Electricians design, install, maintain, and repair electrical wiring and electrical/electronic control systems in homes, commercial buildings and industrial installations. Although electricians are employed in a wide variety of industries, most electricians work in construction.
The U.S. Bureau of Labor Statistics projects a growth rate of 14 percent through 2024 in the demand for electricians. This is much higher than the average for other occupations, making it an excellent career choice and an ideal business opportunity.
Becoming an electrician normally requires four to five years of apprenticeship and in-school training leading to certification.
02Heating, Ventilation, Air Conditioning and Refrigeration (HVAC) Technicians
HVAC technicians install, maintain and repair residential and commercial heating, air conditioning, ventilation and refrigeration systems. Some HVAC professionals specialize in related areas such as fire protection and sprinkling systems, oil and gas burners, and building and facilities maintenance.
As with electricians, HVAC specialists are expected to experience a high growth in demand for the next decade. The HVAC industry is also well suited to those wishing to become self-employed. Unlike with some other skilled trades, HVAC systems require regular maintenance after installation. Selling service contracts can provide steady cash flow.
Starting a career in HVAC usually involves one to several years of post-secondary education and on-the-job apprenticeship training. Due to the increasingly technical nature of the industry, certification is mandatory in most states and provinces.
Masonry is another profession that is projected to have a much higher growth in demand than average. Masons use a variety of mortared bricks, stone and concrete to construct walls, patios and walkways. Highly-skilled masons who can create artistically designed masonry structures will never lack for employment.
Becoming a mason normally requires three to four years of apprenticeship training along with classroom instruction. The job requires lifting heavy materials, so a mason must be strong and physically fit.
Given the high demand for skilled masons, masonry can be an ideal business opportunity for those wishing to become self-employed. Starting a business as a self-employed mason may require licensing in some locales.
Plumbers design, install and repair piping, waste disposal systems, and related appliances and fixtures in homes, businesses and industrial plants. Pipefitters and steamfitters install and repair piping systems that carry pressurized liquids or gases used for heating and cooling, energy production and manufacturing.
The demand for plumbers and pipefitters or steamfitters is expected to be very strong through 2026, making either profession an excellent business opportunity.
Training normally requires several years of apprenticeship in combination with technical school instruction. Most locales require plumbers to be licensed or certified.
Welders use a variety of different types of equipment to cut or join metal parts. Welding is used in many different industries, including construction, auto body repair, forestry, oil and gas, metal fabrication and shipbuilding. Welding can be manual or semi-automated.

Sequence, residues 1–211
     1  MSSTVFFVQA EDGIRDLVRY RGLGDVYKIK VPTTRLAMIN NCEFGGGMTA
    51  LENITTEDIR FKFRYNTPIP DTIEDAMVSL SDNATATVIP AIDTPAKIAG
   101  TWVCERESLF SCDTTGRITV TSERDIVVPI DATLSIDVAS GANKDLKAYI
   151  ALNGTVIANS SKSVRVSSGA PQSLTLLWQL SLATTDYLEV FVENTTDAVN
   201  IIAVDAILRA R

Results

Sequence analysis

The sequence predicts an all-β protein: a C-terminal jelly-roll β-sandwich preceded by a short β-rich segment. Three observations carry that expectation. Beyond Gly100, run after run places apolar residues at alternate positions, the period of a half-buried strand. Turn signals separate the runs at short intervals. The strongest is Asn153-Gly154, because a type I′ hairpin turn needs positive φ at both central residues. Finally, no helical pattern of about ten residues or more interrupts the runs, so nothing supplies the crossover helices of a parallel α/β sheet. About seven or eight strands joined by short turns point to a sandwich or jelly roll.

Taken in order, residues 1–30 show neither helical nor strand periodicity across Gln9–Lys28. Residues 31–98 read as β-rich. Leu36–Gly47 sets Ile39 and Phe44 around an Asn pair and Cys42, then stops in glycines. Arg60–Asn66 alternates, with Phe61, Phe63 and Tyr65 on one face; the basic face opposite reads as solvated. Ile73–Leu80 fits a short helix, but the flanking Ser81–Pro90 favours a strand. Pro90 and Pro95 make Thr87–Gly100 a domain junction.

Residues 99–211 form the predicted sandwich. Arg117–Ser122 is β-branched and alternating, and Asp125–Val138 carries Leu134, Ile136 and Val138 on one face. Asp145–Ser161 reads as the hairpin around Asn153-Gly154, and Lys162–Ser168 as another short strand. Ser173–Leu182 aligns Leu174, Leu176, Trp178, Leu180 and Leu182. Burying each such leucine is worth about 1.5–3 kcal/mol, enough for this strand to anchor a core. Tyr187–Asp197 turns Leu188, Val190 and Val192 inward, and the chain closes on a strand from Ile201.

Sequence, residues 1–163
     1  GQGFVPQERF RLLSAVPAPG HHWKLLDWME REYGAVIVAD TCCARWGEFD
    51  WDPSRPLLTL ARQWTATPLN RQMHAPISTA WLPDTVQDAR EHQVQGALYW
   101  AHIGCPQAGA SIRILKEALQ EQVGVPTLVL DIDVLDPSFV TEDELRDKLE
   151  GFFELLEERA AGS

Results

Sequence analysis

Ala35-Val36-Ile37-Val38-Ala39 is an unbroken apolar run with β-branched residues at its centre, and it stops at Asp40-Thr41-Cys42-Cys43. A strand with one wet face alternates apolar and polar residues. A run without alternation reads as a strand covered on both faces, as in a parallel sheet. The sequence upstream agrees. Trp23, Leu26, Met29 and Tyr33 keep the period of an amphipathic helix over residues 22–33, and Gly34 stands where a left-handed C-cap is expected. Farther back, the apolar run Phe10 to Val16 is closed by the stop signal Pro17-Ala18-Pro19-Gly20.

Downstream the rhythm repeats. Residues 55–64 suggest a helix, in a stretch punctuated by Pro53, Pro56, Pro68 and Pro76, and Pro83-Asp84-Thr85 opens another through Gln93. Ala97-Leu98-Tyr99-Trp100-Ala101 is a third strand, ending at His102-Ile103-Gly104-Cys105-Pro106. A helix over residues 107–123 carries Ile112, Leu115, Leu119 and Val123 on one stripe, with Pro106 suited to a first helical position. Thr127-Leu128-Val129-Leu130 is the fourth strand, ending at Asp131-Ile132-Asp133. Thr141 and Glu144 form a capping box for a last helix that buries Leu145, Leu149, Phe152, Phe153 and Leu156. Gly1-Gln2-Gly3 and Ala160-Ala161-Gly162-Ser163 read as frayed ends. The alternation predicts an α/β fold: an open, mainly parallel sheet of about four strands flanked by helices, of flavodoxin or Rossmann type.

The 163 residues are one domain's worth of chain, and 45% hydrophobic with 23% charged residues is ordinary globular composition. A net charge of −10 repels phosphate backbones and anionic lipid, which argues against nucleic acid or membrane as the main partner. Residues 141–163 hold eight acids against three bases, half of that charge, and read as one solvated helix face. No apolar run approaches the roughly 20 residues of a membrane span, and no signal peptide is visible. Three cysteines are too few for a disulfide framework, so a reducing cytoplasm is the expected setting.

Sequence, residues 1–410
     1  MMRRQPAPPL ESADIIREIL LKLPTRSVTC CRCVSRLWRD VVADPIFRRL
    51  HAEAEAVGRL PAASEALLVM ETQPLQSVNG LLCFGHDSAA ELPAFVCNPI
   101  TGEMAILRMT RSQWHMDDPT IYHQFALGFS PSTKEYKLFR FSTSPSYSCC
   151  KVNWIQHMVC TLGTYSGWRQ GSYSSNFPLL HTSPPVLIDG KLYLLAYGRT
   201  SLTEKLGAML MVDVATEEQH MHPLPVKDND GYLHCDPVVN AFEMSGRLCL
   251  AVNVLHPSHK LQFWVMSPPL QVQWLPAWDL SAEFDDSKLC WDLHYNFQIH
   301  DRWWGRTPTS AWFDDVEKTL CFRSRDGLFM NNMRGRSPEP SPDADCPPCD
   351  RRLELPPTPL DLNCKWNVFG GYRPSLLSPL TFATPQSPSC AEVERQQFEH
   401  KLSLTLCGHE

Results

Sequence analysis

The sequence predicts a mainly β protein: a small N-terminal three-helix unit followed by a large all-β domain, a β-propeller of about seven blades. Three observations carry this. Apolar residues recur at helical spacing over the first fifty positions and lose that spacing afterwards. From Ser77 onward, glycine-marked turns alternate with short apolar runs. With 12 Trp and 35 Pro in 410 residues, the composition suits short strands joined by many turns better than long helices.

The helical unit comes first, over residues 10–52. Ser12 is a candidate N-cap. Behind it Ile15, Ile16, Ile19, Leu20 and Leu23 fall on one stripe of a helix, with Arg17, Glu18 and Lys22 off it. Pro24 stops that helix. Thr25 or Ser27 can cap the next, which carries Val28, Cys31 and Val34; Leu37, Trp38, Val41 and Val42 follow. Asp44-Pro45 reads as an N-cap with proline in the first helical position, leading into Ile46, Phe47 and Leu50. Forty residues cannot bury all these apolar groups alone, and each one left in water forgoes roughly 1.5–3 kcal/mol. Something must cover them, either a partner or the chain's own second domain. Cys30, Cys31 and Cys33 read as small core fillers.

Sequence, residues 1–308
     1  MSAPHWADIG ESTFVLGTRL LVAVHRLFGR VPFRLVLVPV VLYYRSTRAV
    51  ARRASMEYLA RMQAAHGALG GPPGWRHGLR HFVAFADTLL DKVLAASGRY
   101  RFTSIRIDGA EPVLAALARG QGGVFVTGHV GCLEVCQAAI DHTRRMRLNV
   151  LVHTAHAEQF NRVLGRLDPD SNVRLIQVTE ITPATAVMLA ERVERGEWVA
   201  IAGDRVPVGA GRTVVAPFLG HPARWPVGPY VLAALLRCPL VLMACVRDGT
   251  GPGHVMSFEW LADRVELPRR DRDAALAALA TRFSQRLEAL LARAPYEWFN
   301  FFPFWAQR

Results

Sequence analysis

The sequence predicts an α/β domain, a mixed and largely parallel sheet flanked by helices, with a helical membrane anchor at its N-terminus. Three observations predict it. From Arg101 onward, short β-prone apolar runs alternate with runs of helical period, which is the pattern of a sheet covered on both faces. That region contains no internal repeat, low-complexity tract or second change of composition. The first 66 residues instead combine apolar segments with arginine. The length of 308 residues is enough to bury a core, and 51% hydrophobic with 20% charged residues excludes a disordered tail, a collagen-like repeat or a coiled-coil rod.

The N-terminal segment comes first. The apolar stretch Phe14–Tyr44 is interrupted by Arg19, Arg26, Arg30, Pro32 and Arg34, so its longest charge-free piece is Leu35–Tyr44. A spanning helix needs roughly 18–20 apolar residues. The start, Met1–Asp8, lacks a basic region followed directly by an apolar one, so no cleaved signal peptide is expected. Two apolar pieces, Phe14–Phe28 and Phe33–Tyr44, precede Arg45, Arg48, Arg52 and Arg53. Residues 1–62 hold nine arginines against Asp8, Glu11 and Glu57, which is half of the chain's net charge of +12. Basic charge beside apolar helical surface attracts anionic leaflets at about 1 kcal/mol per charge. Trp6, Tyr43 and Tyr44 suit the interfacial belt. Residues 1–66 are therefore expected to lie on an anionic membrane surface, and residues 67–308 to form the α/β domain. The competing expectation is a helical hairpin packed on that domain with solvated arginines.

Welding is expected to experience average job growth, but skilled welders are always in demand. A willingness to travel and the ability to work in remote locations and/or under difficult conditions can enable a skilled welder to earn a substantial income.
Becoming a welder normally requires technical training along with an apprenticeship, eventually leading to certification. Different industries tend to use specific types of welding so mastering the correct type is essential for working in a particular industry.
The nature of the welding business makes it a good candidate for self-employment. A typical welding contractor starts with mobile welding equipment and may eventually require shop space if business expands.
Best Skilled Trade Businesses to Start
According to the ManpowerGroup's Annual Talent Shortage Survey, the hardest skilled positions for employers to fill have not been engineers, nurses, or sales representatives. The number one most difficult people to find are skilled trades workers such as electricians and welders.
The need for skilled tradespeople is expected to become even more acute as more baby boomers hit retirement age and exit the labor force. Trades are disproportionately affected by this phenomena because trades people are on average older than many other segments of the workforce. Enrollment in trades has declined over the past several decades as many young people incorrectly perceive the trades to be poorly paid. They see them as not intellectually stimulating and "beneath them." More than 60 percent of skilled trades workers are 45 or older in some North American locations.
High demand is one reason the skilled trades are ideally suited for those wishing to become self-employed and start their own businesses. Another is that most trades can be operated as home-based businesses because the work is typically performed at the customer job site. A third reason is that startup capital costs for things like vehicles and tools are relatively low for most trades, at least compared to many other types of businesses. Skilled trades cannot be automated to any degree, ensuring future job security. Even in the welding trade, which is automated to a certain extent in manufacturing, there are many types of jobs that cannot be feasibly automated.
Here are some of the best business opportunities in the skilled trades.